In 1979, together with his students at the Accademia Nazionale d’Arte Drammatica, US musician and composer Alvin Curran presented a work at the lake of Villa Borghese park in Rome that would become a fundamental step in his career. The work was entitled Maritime Rites, or as the program read at the time: “Environmental concert for choirs and shells, on the lake in Villa Borghese park, starting at sunset”. As Curran himself admitted, the concert was inspired by the influence that theatre – and dramatic experimentation – was having on his artistic career.
Curran was driven to stage concerts for natural settings, stairways, and monumental spaces, including the lake at Villa Borghese, in his effort to create theatrical sound exercises. From this corner of Roman paradise, Riti Marittimi or Maritime Rites developed into different situations and formats: from a series of concerts on sirens and other maritime sounds from the East Coast of the US, involving internationally renowned musicians (John Cage, Steve Lacy, Pauline Oliverso and George Lewis among others) alongside Curran himself, to a series of recordings produced by the National Public Radio in 1984 and recorded by New World Records.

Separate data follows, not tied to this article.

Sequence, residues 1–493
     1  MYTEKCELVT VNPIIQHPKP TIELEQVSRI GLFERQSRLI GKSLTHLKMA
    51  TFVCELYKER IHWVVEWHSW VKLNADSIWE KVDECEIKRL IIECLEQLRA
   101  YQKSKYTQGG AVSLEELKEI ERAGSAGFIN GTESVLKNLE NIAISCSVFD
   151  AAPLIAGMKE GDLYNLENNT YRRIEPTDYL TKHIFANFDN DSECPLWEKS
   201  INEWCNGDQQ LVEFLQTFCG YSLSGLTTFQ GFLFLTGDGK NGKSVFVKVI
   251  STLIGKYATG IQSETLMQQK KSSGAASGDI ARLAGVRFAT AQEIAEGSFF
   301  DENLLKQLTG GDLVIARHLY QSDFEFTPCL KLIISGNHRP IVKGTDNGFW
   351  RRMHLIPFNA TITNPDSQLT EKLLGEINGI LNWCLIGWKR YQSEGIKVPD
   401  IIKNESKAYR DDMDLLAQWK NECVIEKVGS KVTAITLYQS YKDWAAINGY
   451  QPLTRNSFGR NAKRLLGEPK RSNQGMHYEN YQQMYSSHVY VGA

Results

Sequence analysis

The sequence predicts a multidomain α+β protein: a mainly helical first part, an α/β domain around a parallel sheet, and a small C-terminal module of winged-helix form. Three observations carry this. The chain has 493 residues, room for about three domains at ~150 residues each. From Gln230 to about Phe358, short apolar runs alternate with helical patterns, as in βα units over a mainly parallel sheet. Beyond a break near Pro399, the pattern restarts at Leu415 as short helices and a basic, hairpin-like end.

During the first week of the Romaeuropa Festival 2016, Maritime Rites will return to the lake at Villa Borghese in an unpublished version, performed by the Banda della Scuola Popolare di Musica di Testaccio with some students from the Conservatorio di Santa Cecilia, directed by Silverio Cortesi and Curran.
A musical drama or a floating concert, in which musicians in rowing boats trace out a musical landscape that mirrors the natural microcosm of the lake.